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How to select a biosimilar
  1. Niels Boone1,
  2. Hugo van der Kuy1,
  3. Mike Scott2,
  4. Jill Mairs2,
  5. Irene Krämer3,
  6. Arnold Vulto4,
  7. Rob Janknegt1
  1. 1Department of Clinical Pharmacy and Toxicology, Orbis Medical Center, Sittard-Geleen, The Netherlands
  2. 2Department of Clinical Pharmacy, Antrim Area Hospital, Antrim, UK
  3. 3University Medical Center, Johannes Gutenberg University, Mainz, Germany
  4. 4Department of Clinical Pharmacy and Toxicology, Erasmus Medical Center, Rotterdam, The Netherlands
  1. Correspondence to Niels Boone, Orbis Medical Center, Department of Clinical Pharmacy and Toxicology, PO Box 5500, Sittard-Geleen NL 6130 MB, The Netherlands; nwboone{at}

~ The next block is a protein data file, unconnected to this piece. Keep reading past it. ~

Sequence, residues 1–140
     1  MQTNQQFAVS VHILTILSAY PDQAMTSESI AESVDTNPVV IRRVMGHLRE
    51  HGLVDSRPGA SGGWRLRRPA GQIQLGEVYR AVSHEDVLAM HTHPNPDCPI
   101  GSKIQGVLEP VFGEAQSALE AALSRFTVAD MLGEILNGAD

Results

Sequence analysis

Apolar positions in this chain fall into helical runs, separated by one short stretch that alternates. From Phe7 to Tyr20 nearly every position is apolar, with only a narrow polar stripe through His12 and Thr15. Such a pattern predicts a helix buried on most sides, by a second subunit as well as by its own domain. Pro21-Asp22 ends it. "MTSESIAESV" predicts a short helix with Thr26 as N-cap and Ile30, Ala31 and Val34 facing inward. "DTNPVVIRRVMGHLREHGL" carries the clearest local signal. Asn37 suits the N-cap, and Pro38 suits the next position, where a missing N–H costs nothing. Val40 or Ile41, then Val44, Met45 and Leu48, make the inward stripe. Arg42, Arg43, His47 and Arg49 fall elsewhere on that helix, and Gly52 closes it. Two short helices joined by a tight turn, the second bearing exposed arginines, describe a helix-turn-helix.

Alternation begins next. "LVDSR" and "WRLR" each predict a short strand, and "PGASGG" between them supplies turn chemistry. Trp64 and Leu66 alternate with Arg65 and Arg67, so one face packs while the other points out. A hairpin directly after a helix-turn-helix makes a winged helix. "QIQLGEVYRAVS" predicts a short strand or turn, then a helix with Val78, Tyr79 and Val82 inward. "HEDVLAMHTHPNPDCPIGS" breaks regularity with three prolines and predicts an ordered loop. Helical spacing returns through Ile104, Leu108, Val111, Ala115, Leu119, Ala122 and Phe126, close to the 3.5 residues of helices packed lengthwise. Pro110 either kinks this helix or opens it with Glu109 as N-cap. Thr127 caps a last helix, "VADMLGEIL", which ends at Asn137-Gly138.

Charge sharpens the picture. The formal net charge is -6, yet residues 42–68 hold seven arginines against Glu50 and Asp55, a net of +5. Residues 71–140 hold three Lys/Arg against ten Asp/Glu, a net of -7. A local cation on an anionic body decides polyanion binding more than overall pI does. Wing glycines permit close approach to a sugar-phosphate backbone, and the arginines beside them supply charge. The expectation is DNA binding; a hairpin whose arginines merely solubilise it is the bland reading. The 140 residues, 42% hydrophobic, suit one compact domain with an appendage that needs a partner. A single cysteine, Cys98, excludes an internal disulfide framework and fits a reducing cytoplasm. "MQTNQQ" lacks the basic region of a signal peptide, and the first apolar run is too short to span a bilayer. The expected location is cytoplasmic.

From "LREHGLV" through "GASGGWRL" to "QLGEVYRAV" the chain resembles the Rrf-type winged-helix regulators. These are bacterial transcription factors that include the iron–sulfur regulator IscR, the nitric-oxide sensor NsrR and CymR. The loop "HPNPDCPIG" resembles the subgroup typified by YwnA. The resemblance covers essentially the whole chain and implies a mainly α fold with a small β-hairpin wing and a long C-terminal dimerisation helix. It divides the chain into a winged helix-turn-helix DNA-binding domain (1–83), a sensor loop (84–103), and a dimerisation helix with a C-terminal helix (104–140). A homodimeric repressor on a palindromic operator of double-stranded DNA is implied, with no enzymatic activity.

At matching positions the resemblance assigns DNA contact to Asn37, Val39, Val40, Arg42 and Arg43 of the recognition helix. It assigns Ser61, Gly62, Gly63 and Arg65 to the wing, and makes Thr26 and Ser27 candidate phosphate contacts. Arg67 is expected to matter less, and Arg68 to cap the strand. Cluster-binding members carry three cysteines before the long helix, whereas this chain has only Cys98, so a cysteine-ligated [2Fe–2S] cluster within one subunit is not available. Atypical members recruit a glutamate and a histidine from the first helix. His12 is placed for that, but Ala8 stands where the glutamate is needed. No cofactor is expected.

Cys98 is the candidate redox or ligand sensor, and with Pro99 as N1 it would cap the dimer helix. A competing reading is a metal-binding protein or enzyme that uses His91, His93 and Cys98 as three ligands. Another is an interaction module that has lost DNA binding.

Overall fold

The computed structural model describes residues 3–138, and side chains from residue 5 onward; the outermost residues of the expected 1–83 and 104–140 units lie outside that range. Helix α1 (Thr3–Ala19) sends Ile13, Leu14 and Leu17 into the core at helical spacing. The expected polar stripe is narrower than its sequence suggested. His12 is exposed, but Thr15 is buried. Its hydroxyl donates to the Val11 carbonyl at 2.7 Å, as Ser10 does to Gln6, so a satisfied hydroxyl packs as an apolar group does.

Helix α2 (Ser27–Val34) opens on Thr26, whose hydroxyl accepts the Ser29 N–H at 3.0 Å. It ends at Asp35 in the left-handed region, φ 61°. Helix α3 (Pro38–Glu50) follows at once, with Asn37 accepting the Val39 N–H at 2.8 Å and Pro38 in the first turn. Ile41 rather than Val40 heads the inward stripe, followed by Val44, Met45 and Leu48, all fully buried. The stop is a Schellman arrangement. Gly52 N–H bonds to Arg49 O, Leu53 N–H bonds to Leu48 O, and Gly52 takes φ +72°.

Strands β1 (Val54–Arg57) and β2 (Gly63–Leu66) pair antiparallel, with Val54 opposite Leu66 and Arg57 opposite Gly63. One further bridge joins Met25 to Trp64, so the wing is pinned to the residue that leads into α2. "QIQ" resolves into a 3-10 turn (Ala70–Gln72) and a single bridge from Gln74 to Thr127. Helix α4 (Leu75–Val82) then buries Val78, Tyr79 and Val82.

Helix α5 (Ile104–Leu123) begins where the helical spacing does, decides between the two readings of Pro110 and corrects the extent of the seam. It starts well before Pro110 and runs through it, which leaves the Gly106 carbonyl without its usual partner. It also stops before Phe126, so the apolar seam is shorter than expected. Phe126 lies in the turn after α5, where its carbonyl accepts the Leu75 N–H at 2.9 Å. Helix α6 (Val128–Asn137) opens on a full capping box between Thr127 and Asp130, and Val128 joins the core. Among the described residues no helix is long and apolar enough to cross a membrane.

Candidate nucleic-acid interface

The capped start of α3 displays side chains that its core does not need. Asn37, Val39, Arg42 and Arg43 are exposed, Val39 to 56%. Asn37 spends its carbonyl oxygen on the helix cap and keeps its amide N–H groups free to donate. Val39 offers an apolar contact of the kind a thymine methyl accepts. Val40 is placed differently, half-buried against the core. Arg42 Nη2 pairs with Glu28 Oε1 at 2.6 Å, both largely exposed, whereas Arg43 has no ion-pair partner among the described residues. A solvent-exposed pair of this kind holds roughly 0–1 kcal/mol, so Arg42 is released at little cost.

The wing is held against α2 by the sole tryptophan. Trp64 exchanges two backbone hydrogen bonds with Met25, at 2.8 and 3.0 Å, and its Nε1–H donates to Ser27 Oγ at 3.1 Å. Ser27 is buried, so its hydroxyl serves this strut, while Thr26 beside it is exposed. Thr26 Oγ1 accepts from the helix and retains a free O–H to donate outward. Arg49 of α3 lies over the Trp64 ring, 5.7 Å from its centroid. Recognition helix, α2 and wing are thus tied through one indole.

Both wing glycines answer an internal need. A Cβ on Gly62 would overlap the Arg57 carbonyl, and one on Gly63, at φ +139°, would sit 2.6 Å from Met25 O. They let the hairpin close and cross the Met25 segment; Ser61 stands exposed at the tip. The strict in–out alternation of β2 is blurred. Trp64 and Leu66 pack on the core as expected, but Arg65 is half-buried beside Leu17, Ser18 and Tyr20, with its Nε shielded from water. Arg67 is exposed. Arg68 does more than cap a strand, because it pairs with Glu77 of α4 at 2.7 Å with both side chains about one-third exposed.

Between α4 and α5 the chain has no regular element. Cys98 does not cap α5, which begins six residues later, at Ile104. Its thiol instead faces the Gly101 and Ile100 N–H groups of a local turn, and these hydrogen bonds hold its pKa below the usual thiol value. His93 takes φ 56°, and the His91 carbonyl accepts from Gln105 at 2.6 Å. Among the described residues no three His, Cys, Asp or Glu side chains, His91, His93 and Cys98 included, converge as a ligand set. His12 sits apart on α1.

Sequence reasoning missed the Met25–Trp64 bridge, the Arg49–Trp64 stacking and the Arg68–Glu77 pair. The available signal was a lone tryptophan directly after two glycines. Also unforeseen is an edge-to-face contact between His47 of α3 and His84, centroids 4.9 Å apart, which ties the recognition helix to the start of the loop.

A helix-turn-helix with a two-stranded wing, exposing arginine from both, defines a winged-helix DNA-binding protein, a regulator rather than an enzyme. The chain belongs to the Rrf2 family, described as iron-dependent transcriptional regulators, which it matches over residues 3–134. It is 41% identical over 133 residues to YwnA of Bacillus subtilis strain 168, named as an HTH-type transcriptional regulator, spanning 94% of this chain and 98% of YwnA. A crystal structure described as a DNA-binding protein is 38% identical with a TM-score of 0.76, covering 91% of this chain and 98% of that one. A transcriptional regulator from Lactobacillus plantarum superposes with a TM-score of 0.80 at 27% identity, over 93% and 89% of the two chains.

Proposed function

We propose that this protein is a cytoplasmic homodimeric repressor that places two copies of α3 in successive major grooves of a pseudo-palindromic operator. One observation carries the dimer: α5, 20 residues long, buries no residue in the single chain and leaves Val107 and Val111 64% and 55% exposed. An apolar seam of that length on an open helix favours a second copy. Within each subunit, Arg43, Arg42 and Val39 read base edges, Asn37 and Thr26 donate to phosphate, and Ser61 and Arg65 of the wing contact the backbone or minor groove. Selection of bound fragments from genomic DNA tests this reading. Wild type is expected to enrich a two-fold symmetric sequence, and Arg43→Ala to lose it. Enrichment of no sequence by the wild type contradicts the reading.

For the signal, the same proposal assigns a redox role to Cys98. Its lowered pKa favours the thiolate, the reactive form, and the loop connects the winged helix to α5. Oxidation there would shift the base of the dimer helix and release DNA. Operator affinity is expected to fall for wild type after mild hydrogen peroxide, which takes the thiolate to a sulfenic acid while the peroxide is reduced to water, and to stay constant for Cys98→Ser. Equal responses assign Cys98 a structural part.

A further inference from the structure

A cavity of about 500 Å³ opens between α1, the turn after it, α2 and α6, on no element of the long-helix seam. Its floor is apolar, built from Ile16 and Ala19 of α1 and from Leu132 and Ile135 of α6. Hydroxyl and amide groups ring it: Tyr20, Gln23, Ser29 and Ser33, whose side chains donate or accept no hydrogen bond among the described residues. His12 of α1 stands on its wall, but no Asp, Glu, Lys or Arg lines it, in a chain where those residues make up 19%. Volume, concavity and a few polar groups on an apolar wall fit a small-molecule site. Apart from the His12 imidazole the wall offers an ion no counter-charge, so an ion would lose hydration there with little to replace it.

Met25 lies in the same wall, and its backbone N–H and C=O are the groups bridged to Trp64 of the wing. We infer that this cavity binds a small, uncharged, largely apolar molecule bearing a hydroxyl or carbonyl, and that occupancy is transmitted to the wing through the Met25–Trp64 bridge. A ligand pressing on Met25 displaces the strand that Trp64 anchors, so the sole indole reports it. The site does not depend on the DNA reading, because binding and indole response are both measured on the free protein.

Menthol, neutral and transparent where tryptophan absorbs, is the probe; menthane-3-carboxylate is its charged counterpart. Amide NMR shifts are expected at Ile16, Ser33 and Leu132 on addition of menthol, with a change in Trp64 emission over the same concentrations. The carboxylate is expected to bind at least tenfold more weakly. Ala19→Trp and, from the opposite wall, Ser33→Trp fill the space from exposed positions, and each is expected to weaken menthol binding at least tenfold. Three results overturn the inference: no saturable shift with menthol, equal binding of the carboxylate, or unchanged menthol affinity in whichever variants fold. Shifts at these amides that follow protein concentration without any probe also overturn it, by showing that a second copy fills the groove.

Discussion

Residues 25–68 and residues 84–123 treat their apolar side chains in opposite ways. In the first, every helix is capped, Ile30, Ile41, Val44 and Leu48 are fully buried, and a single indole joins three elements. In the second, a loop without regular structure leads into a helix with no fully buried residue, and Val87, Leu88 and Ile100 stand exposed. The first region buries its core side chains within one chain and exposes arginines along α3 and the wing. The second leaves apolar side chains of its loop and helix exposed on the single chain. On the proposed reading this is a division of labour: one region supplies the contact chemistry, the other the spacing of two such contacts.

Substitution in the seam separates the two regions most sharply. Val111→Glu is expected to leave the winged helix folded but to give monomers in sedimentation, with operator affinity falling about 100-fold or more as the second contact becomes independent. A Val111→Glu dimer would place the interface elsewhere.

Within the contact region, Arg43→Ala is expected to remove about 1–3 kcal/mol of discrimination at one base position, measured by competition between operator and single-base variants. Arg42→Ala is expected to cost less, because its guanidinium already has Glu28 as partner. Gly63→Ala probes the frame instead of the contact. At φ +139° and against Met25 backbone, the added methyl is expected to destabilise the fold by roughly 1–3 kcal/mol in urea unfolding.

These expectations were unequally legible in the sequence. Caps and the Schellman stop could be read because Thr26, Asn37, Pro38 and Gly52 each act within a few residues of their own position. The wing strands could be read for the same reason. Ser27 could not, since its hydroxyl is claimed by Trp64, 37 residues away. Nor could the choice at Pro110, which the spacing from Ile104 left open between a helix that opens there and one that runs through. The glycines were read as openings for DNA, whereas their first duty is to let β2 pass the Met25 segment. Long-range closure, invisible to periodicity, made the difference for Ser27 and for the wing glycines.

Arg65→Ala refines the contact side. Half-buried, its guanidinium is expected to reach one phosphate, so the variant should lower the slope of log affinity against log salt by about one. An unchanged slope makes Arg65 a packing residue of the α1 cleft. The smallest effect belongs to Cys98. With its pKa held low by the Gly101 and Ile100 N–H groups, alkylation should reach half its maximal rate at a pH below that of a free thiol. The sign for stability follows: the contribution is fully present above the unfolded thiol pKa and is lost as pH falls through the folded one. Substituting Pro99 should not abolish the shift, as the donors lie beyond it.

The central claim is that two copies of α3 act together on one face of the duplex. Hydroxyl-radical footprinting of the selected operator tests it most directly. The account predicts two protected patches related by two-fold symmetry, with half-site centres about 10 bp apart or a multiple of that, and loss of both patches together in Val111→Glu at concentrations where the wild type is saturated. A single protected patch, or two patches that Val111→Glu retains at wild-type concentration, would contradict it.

In the past few years biosimilars have penetrated the market following the expiry of patents of originator variants. This offers the opportunity to apply high-tech protein products at a lower cost. In contrast to small-molecule generics, clinicians and pharmacists have found it difficult to judge the efficacy and safety profiles of complex protein products. In recent years, the European Medicines Agency (EMA) has gained knowledge on assessing comparability between biosimilars and originator products in scientific and legal areas. This article provides an overview of an extensive set of 31 previously drawn biosimilar selection criteria and describes how several of these criteria are covered by EMA regulations and guidelines. A panel of experts (authors) reviewed the criteria and produced a shortlist of 10 criteria relevant for clinicians and pharmacists.

  • Clinical Pharmacy
  • Pharmacotherapy

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